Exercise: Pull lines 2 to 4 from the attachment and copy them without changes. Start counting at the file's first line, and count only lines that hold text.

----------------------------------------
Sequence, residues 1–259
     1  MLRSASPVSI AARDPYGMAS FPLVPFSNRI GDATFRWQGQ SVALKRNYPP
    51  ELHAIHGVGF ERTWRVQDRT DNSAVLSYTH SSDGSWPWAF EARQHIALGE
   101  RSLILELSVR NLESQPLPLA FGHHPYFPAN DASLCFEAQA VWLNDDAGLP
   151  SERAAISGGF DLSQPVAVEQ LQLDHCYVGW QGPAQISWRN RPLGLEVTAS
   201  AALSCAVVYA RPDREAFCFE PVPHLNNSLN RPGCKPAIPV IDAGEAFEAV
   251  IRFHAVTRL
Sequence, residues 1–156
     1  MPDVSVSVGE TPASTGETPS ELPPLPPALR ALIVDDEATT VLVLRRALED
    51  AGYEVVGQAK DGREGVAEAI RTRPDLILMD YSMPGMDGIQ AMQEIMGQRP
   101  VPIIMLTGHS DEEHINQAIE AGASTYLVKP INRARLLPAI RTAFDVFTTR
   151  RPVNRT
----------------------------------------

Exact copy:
     1  MLRSASPVSI AARDPYGMAS FPLVPFSNRI GDATFRWQGQ SVALKRNYPP
    51  ELHAIHGVGF ERTWRVQDRT DNSAVLSYTH SSDGSWPWAF EARQHIALGE
   101  RSLILELSVR NLESQPLPLA FGHHPYFPAN DASLCFEAQA VWLNDDAGLP